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Frayre, Elizabeth
Teacher, AP Coordinator



Advanced Placement

2017 AP Summer Bridge Registration

Hello Students & Parents of 9-11th grade students,

Lakewood High is fortunate to be able to offer AP Summer Bridge workshops for students entering grades 10 through 12 in the 2017-18 school year. The program will run from August 7th  through August 11th .  The following AP teachers will present a workshop in their AP Subject.

AP Subject

AP Teacher


Mrs. Bobo


Mr. De la Loza

Computer Science Principles / A

Mr. McNamee

English Literature

Mrs. Lurie

Government & Economics

Mr. Flanagan


Mr. Glover

Spanish Language & Culture

Sra. Frayre &

Sra. McDaniel

Spanish Literature & Culture

Sra. Serrano


Mrs. Thron

If you are going to take one of these AP Classes, plan on attending the workshops because they will prepare you to be successful during your year in that course.  The teachers design them to support your academic success as you transition into a more challenging, college level class.  During the workshop teachers may:

  • discuss main topics and ideas that will be covered in class
  • review necessary topics and skills that students should know before beginning the year
  • practice certain skills that will be necessary to be successful in the course
  • go over the AP Exam components

If you plan on attending AP Summer Bridge in August, click here to open the online registration form (or copy and paste the address: in a new browser).  However, if you have trouble accessing the link or if you prefer a paper copy, you can do one of the following:

  1. Pick up a registration form from Sra. Frayre in Room 407
  2. Or from the front office (after June 15) and fill it out.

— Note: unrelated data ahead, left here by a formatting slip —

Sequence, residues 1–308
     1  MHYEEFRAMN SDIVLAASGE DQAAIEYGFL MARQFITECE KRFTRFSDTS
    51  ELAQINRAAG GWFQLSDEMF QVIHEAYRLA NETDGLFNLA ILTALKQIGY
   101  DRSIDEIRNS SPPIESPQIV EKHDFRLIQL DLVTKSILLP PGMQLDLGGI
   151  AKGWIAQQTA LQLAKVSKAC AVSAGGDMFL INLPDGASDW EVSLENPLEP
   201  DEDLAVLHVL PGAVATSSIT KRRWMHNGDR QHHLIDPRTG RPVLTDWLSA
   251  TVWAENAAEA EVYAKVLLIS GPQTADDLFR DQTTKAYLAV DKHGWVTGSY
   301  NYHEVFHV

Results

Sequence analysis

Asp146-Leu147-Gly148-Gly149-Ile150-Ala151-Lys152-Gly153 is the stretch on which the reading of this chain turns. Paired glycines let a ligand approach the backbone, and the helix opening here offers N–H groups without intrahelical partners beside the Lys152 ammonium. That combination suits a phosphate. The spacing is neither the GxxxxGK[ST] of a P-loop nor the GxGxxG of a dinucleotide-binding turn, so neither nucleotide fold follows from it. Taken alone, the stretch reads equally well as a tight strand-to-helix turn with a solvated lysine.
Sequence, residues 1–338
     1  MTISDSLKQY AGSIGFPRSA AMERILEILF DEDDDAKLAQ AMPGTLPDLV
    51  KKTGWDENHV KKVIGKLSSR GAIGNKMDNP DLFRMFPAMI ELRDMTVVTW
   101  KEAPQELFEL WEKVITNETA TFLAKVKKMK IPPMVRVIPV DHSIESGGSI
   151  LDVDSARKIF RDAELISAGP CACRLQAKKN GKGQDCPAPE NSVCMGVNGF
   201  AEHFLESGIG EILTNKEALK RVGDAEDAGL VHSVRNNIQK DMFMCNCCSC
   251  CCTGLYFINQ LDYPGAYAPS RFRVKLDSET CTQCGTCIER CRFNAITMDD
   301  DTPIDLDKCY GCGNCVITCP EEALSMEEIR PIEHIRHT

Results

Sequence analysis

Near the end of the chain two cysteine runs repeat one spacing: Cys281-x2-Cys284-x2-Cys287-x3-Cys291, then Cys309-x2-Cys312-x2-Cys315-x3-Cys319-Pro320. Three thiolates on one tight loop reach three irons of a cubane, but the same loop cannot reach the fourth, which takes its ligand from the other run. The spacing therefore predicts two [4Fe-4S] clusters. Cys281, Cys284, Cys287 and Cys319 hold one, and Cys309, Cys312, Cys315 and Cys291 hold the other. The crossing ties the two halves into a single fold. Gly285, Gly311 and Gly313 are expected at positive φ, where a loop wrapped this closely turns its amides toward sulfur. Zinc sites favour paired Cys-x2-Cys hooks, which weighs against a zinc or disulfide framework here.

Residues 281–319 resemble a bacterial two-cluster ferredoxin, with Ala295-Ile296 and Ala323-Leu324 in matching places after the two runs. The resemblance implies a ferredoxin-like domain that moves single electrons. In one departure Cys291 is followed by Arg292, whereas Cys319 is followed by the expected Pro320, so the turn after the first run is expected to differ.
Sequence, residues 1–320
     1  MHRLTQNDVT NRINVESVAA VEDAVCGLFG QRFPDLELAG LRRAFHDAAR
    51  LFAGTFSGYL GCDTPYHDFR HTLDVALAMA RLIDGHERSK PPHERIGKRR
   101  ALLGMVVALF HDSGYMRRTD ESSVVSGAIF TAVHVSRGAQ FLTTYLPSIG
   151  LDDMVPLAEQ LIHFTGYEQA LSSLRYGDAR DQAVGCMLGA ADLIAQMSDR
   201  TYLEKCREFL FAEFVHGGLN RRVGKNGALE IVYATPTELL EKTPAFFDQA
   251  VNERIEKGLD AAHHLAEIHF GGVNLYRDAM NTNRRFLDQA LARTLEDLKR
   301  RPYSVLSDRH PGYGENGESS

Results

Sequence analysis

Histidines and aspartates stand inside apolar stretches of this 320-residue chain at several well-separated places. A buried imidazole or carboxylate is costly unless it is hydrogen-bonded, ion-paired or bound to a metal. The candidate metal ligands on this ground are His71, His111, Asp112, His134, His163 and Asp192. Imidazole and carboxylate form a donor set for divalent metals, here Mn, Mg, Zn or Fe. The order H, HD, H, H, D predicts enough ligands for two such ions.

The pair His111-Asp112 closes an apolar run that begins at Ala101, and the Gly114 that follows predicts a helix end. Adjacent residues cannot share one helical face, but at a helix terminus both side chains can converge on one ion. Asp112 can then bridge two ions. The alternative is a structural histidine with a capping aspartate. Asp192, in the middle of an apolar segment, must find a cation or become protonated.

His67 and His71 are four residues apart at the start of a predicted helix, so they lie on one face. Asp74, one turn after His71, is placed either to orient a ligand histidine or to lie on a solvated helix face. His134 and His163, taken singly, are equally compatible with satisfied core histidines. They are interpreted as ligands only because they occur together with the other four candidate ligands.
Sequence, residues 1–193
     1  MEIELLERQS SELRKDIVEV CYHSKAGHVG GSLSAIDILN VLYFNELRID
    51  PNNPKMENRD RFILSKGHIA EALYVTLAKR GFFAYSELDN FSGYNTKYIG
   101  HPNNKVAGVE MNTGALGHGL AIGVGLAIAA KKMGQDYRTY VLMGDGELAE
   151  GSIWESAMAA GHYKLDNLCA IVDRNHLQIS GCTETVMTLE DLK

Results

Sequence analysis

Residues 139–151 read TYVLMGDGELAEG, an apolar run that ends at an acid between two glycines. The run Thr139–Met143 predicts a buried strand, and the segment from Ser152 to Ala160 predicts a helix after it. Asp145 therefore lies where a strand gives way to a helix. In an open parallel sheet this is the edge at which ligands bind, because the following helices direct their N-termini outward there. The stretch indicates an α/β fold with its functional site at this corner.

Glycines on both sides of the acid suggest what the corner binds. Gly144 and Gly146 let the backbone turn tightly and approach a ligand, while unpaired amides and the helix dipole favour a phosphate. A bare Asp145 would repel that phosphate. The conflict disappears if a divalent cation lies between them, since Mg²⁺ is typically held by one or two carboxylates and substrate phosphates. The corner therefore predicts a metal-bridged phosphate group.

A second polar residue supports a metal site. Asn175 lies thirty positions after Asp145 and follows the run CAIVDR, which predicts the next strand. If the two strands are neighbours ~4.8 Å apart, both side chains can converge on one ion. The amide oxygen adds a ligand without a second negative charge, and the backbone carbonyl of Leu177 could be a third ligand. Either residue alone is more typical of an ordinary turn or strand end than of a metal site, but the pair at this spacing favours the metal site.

If you fill out a paper copy of the registration, turn it in to Room 407 only until June 15th; afterwards, place it in the red box in the front office.  If you have questions about a specific AP Workshop, contact the individual AP teacher.  If you have general questions about AP Summer Bridge, please respond to this email.

Please make every attempt to register electronically but regardless of how you choose to submit the form, the deadline to register for AP Summer Bridge is Friday, June 30th.

2017 AP Exam Dates & Locations

2017 AP Exam Dates

2017 AP Exam Schedule - Week 1


Morning 8 a.m.

Afternoon 12 noon

May 1


Environmental Science


May 2

Spanish Language and Culture

Art History

Physics 1: Algebra-Based

May 3

English Literature and Composition

Physics 2: Algebra-Based

May 4

United States Government and Politics


May 5

United States History

Computer Science Principles

Studio Art

2017 AP Exam Schedule - Week 1


Morning 8 a.m.

Afternoon 12 noon

May 8



May 9

Calculus AB

Calculus BC

French Language & Culture

Spanish Literature & Culture

May 10

English Language and Composition


May 11

World History


May 12


Plan for the Future - Newsetter Articles


Myths about AP Classes

Things you thought you knew about AP classes


     First of all, what is an AP Class? AP stands for Advanced Placement. An AP class is the most advanced course you can take at the high school level -even more advanced than honors. In order for a class to be considered AP a teacher has to prove (by completing certain requirements) that the class has the same rigor as a university course. Once you’re in the AP class your teacher will prepare you to take the AP exam in May. The exam is graded by AP teachers across the nation using a score of 1-5. Passing scores are 3 (qualified), 4 (well qualified) or 5 (extremely well qualified). The score is used by colleges and universities to determine if you will receive credit for what you’ve already learned or you will be allowed to skip that class once you are in college, otherwise known as “advanced placement”. Now that you have an idea of what AP is, here are common misconceptions about these courses.

1. You have to be “smart” to take AP classes.

     False.  Any student can take an AP class during high school. As long as you have the motivation to work hard in the college-level class, you are welcome to try it. Some classes are teacher recommended or your counselor may suggest them; but, in the end, if you want to take the class or classes, and you’re willing to put in the time and effort, you are allowed to sign up.

2. I took the class, but I didn’t pass the exam. What a waste of time!